Designed to traverse under seeded and planted areas. If constructed within 10 feet of the road paving, walks or other surfaced areas, the drains shall have a narrow trench, and maximum compaction of backfill to prevent settlement of the superimposed surface or development.
(b) 
Installed after excavating and filling in the area to be traversed is completed, unless the drain is installed in the original ground with a minimum of three feet cover and/or adequate protection during the fill construction.
(c) 
Designed with cradle when traversing fill areas of indeterminate stability; designed with anchors when gradient exceeds 20%, and designed with encasement or special backfill requirements when traversing under a paved area.
(d) 
Designed to adequately handle the anticipated stormwater flow and to be constructed and maintained economically. The minimum pipe size shall be 15 inches in diameter.
(e) 
Drain pipe, trenching, bedding and backfilling requirements shall conform to the requirements of the Borough and/or applicable requirements of the Borough and/or applicable requirements of the Pennsylvania Department of Transportation Specifications, Publication 408, latest edition.
(f) 
All pipe shall be made of either PVC, corrugated plastic pipe, corrugated plastic pipe with smooth interior walls, corrugated metal/steel or reinforced concrete. All corrugated metal pipe shall be polymer coated, with bonding and paved inverts where prone to erode. Pipe under a borough cartway shall be reinforced concrete pipe with a minimum diameter of 15 inches.
(g) 
Storm inlets and structures shall be designed to be adequate, safe, self-cleaning and unobtrusive and shall be consistent with the standards of the Borough.
(h) 
Appropriate grates shall be designed for all catch basins, stormwater inlets and other entrance appurtenances in accordance with borough specifications.
(i) 
Manholes shall be designed so that the top shall be at finished grade and sloped to conform to slope of finished grade. Top castings of structures located in roads or parking areas shall be machined or installed to preclude rattling.
(j) 
Where a proposed storm sewer connects with an existing storm sewer system, the applicant shall demonstrate that sufficient capacity exists in the downstream system to handle the additional stormwater flow.
(k) 
Storm sewer outfalls shall be equipped with energy dissipation to prevent erosion and conform with applicable requirements of the PaDEP for stream encroachments (Chapter 105 of the Department's Rules and Regulations).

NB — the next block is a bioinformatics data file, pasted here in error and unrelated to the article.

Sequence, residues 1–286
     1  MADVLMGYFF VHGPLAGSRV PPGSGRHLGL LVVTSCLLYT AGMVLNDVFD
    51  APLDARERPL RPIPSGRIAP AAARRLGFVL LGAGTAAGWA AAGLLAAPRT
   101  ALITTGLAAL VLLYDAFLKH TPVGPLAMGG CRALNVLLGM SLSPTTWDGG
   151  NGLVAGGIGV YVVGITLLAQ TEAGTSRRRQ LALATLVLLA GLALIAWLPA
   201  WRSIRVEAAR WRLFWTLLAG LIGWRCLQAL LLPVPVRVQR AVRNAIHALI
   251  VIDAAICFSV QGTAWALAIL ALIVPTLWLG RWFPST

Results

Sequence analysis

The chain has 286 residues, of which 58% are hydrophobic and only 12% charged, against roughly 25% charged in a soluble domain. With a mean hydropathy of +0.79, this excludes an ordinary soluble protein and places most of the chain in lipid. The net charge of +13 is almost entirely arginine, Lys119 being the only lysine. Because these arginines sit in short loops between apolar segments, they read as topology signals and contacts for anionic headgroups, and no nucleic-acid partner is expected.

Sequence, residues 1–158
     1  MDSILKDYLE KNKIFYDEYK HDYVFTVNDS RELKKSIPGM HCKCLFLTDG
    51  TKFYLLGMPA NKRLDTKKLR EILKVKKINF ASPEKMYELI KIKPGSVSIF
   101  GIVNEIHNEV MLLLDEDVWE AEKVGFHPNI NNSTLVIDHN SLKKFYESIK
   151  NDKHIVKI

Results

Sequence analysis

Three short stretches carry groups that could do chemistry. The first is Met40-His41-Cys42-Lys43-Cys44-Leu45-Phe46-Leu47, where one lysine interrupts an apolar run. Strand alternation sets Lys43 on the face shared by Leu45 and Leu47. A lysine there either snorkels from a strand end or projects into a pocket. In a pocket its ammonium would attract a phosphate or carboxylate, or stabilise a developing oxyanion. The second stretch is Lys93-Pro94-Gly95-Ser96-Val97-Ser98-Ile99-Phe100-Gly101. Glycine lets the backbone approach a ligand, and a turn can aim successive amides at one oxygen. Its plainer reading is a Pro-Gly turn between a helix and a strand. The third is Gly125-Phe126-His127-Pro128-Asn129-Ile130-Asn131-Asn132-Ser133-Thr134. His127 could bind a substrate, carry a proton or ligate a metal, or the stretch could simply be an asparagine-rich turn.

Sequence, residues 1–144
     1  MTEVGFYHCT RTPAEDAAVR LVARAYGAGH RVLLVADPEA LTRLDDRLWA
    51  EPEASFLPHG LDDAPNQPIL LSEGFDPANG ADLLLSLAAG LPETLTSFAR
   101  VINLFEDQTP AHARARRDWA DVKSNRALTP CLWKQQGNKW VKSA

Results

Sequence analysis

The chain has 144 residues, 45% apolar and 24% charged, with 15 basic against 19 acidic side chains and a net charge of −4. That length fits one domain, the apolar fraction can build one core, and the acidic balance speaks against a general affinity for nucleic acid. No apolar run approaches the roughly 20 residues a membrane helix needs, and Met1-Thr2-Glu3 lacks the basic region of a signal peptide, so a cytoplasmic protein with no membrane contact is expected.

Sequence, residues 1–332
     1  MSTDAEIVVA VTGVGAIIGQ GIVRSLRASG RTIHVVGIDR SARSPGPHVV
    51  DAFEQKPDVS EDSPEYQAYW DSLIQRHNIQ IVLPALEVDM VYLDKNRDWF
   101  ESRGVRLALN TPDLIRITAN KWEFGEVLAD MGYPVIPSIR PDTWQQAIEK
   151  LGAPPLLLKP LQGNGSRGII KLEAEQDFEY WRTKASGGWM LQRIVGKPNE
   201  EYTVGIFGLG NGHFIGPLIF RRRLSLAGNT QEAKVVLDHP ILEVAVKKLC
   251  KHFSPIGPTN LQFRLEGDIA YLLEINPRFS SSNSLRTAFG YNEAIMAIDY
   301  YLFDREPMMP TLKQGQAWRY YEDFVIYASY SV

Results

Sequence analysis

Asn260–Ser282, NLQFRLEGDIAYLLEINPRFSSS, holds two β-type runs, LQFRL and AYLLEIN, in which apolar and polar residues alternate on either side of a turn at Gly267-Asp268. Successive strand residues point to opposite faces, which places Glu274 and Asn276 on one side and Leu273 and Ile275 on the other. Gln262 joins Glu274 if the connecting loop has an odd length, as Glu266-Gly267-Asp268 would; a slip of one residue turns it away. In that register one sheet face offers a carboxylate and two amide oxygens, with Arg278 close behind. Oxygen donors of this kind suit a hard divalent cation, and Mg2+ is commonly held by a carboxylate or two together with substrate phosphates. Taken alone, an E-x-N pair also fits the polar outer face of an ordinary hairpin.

Proposed erosion and sedimentation pollution control measures should be submitted with the stormwater management plan. These plans shall follow the guidelines set forth in the Borough's current Erosion and Sediment Pollution Control Ordinance under a separate cover. In addition, the plan shall be prepared in accordance with the Pennsylvania Erosion/Sedimentation Regulations (25 Pa. Code, Chapter 102) and the standards and guidelines of the county conservation district.
A. 
No regulated earth disturbance activities within the municipality shall commence until approval by the municipality of an erosion and sediment control plan for construction activities.
B. 
DEP has regulations that require an erosion and sediment control plan for any earth disturbance activity of 5,000 square feet or more under 25 Pa. Code § 102.4(b).
C. 
In addition, under 25 Pa. Code Chapter 92,[1] a DEP "NPDES Construction Activities" permit is required for Regulated Earth Disturbance activities.
[1]
Editor's Note: Chapter 92 of Title 25 of the Pennsylvania Code was reserved 10-8-2010, effective 10-9-2010. It was replaced by Chapter 92a, National Pollutant Discharge Elimination System (NPDES) Permitting, Monitoring and Compliance.
D. 
Evidence of any necessary permit(s) for regulated earth disturbance activities from the appropriate DEP regional office or county conservation district must be provided to the municipality. The issuance of an NPDES construction permit (or permit coverage under the statewide General Permit (PAG-2) satisfies the requirements Subsection C.
E. 
A copy of the erosion and sediment control plan and any required, permit, as required by DEP regulations, shall be available at the project site at all times.
Prior to releasing the final bond moneys, the Borough shall receive an as-built drawing, signed and scaled by a registered surveyor, and these plans shall include the following:
A. 
The location of any roads or driveways constructed for the land development or single-family home.
B. 
The location, tops and flow lines of all storm sewers constructed within the land development or single-family home.
C. 
The location, depth and contours of the detention or retention facilities constructed for the land development or single-family home.
D. 
A detail of the outlet structure for the detention or retention facility as constructed.
E. 
The location and details of all post-construction stormwater management BMPs including water quality devices.
F. 
A revised stormwater management report reflecting the final contours for a detention pond as constructed.